Blog Post from Linda Waits-Kamau, interning with Land & Equity Movement of Uganda (LEMU)
This past week, while I was here serving in an internship with Land & Equity Movement of Uganda in Kampala, the U.S. celebrated Independence Day. So, although it was not a holiday in Uganda, I was thinking about and thankful for those who made freedom possible and about our Declaration of Independence and Constitution. Freedom, security, rights, and justice are not something to take for granted, of course. Rights are supposed to be protected in our justice system based upon our Constitution.
Here in Uganda, it is the same—the Constitution stands as a guarantor of rights of men, women, and children!
I am learning that the rights of widows and their children to remain in the marital residence after the death of the widow’s husband are sometimes abused even though, under the Uganda Constitution, the rights of women and children are guaranteed, just as rights are supposed to be protected in the United States. On June 27, I was reading a Ugandan daily newspaper called “New Vision,” and I saw a very disturbing photo of a middle-aged woman, standing next to her two sons. The woman had no hands because they had been chopped off allegedly by one of her own husband’s relatives whom the article related as having tried to force the woman and children out of their home following the husband’s death.
Then I was imagining the grief and suffering she experienced of losing her husband and her children losing their father, as well as the husband’s extended family members’ grieving the loss of their son or brother. Then one of the husband’s relatives comes around and demands that the woman leave her own home. Then, because she didn’t evidently leave, she was viciously attacked and could have easily lost her life, possibly from the trauma, shock, and loss of blood from having her arms and hands cut off.
This was almost too much for me; but the worst part was that evidently the case of this unfortunate woman had been dropped by the local Magistrate’s Court and the only reason given according to the newspaper report was because the police officers had to attend a conference about one hour away in Gulu on the same day as the court date. So the case was just dropped! Not only that, but according to the newspaper report, evidently the male relative had been let out on bail even before the case went to court—and that after being implicated by witnesses! I was glad for the news report to at least let others know what happened, but will there ever be a court case to determine who did this and will there be any help for the woman and her sons?
I wondered how this woman could ever get justice if cases are dropped because police officers have to attend a conference in another city? I wonder even in our country about how people get justice when authority is overstepped by those who have more power or money? I would like to see Constitutional guarantees actualized through proper justice. The way to handle this in the United States as well as in Uganda is if those who have more power also have to submit to the system of justice. One thing I am learning during my externship with LEMU is that while Uganda, like America, has a wonderful Constitution, these rights need to be accessible to everyone—especially those who are more vulnerable to those who have political or authoritative power over others.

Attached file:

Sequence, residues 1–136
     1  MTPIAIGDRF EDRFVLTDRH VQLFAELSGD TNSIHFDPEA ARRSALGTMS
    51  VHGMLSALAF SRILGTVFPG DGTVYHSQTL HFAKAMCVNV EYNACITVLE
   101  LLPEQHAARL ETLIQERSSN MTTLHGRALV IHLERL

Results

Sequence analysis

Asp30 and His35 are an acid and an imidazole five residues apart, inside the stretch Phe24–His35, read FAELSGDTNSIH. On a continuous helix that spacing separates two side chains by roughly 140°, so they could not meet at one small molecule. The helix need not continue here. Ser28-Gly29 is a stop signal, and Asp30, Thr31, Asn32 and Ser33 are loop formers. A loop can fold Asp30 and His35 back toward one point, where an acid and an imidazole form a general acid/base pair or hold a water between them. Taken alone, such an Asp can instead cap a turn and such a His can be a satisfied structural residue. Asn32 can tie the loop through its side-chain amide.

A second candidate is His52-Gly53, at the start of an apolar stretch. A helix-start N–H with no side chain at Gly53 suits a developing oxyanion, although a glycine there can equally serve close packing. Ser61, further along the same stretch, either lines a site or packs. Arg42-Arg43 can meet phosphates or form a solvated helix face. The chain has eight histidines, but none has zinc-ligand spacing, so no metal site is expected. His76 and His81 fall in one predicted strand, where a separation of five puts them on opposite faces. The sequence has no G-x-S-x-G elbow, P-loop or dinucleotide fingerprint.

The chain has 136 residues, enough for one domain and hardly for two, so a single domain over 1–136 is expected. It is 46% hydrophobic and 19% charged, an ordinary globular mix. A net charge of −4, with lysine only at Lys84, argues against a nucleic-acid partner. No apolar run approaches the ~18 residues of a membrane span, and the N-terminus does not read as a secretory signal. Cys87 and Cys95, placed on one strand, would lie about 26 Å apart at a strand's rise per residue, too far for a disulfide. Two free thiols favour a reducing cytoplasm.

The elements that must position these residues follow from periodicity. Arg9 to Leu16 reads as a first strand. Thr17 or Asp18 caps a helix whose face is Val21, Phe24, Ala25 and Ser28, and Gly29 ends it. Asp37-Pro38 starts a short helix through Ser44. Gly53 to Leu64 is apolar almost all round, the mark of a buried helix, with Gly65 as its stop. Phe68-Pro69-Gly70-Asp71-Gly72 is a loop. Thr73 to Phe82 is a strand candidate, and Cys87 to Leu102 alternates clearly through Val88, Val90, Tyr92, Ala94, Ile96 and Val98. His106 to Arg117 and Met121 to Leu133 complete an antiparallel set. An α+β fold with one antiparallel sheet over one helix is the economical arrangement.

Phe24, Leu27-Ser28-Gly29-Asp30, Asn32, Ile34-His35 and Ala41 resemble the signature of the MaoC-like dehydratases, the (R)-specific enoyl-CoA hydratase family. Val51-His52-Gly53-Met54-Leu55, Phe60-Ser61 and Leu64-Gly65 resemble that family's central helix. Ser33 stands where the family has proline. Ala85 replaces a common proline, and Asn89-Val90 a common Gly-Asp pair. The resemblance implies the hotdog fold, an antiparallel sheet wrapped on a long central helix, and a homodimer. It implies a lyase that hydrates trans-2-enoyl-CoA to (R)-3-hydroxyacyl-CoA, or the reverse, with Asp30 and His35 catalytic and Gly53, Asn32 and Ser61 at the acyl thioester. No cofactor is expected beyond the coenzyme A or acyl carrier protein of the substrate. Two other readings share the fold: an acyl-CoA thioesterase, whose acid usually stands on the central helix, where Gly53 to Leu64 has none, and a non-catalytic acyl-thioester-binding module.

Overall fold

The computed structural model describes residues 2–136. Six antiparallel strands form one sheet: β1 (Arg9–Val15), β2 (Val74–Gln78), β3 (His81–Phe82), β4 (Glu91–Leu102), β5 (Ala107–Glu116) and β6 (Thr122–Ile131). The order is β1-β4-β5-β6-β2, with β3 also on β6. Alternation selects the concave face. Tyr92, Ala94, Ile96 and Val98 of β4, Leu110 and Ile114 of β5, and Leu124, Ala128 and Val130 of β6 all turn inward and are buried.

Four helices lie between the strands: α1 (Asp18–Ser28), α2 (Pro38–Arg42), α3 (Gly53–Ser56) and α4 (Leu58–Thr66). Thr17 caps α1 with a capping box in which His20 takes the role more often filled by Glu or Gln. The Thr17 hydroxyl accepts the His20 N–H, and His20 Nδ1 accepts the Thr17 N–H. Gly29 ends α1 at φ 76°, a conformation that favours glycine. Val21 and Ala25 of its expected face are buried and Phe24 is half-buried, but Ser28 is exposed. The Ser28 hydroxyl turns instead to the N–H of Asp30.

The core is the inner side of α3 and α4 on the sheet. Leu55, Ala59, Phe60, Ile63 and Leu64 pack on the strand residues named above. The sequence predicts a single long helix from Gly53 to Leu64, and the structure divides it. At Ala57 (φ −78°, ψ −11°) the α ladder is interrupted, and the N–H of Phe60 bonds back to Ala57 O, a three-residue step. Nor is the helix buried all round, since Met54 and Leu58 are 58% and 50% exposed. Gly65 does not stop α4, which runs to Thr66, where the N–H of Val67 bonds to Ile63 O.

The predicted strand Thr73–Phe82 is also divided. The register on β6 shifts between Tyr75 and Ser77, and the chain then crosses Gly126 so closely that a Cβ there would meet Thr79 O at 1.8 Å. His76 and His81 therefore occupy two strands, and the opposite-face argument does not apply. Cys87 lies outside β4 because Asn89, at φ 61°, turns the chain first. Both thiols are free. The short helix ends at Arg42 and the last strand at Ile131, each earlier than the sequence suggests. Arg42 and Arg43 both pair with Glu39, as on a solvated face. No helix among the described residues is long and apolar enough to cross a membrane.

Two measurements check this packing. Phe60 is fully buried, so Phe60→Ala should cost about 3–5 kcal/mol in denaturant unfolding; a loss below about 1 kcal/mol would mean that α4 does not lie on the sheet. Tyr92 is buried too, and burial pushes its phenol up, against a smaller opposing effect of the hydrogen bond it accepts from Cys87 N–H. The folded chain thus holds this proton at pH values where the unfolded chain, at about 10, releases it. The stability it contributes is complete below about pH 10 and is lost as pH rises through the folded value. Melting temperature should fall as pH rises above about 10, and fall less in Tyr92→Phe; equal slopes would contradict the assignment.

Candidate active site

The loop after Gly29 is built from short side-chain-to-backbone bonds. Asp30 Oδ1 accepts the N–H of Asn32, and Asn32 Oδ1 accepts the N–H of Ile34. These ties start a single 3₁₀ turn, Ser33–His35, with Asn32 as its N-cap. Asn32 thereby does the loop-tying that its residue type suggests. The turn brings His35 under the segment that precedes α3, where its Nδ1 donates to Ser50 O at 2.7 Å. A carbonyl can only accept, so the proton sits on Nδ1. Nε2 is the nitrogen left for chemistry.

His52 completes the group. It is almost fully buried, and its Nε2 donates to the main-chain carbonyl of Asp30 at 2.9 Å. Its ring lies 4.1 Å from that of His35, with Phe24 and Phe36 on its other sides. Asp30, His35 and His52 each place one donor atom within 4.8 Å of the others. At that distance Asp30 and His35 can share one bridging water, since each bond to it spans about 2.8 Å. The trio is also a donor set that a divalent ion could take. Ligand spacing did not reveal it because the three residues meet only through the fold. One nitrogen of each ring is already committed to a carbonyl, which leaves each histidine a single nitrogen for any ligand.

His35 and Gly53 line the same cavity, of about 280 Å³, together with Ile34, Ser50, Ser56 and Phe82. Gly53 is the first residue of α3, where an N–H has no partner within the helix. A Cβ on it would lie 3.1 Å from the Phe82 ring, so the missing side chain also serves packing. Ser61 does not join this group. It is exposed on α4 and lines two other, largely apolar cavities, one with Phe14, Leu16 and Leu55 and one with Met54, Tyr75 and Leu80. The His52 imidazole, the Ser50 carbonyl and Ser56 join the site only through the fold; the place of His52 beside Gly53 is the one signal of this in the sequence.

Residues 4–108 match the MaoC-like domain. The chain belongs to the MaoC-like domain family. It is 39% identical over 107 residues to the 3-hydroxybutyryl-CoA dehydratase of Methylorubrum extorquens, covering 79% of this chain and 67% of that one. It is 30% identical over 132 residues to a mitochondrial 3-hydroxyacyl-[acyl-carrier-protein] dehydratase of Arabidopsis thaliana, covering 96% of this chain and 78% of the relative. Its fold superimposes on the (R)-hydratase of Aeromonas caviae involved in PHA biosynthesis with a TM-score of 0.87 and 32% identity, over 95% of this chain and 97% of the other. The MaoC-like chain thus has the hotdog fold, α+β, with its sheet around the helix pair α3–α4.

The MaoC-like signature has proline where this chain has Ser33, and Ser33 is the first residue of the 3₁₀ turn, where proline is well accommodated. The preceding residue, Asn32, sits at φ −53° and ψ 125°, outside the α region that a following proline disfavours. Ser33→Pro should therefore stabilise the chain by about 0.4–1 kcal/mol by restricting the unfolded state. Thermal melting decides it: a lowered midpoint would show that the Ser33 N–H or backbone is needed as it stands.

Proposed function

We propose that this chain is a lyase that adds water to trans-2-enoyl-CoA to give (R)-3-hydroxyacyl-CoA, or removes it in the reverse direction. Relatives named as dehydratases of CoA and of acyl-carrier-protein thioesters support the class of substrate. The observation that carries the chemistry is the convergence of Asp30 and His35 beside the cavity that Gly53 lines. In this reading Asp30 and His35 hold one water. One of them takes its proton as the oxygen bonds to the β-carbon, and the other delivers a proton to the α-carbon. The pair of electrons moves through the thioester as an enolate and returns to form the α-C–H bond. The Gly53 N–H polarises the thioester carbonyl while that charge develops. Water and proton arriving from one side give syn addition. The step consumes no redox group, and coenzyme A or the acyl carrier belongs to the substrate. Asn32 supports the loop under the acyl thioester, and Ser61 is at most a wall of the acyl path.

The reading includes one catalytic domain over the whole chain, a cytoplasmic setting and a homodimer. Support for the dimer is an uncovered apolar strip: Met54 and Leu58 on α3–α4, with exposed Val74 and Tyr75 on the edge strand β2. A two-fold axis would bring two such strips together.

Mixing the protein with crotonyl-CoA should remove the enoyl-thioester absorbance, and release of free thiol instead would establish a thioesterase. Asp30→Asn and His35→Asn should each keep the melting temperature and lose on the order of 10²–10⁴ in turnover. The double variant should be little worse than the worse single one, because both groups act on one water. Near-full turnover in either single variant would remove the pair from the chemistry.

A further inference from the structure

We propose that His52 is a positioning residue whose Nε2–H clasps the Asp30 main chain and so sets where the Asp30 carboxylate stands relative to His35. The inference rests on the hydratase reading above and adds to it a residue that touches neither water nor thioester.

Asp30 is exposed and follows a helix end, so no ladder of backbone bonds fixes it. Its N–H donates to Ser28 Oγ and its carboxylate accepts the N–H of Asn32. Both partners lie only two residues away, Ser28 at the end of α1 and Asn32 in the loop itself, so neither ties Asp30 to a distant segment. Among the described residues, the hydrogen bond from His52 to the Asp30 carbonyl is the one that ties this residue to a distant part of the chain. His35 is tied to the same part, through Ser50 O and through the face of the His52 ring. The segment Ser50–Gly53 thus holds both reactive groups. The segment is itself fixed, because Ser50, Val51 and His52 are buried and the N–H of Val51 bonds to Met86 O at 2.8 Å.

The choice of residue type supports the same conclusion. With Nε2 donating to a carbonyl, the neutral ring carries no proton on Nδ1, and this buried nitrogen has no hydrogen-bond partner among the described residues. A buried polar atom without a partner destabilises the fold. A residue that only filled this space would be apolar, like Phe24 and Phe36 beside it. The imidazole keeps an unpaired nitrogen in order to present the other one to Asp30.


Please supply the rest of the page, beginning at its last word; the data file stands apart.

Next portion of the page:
Now, of course, the person who committed this crime in Uganda also has rights, but evidently more rights than this woman does, because no one is even being made to account for this crime through a proper handling of witnesses and a court hearing to bring out the evidence. And worse, who will help this widow now that she has no hands? She does have two sons who may be able to help her, but what can she do now for herself without her hands?
Although under the Ugandan Constitution the woman whose hands were cut off does have rights, how can her rights be actualized for justice? I am hoping that the Prosecutor’s office will take note of her right not to have to undergo threats for her life and liberty; and for her right to be able to go on living in her own home with a garden will be actualized. Of course, now she will have to pay someone else to tend to her home and garden. Might may make right in the law of the wild kingdom, but not for people living under Constitutional protections, including those who are less able to protect themselves or are vulnerable to those with more power and authority.
*LEMU provides advocacy, support, and mediation based on the customary laws in Uganda and assists widows and orphans in protecting their interests, rights, and access to family land and in gaining clear rights of the marital home and property usage after the death of a spouse.
This post was written by a Center for Global Justice student intern. The views expressed in this post do not necessarily reflect those of Regent University, Regent Law School, or the Center for Global Justice.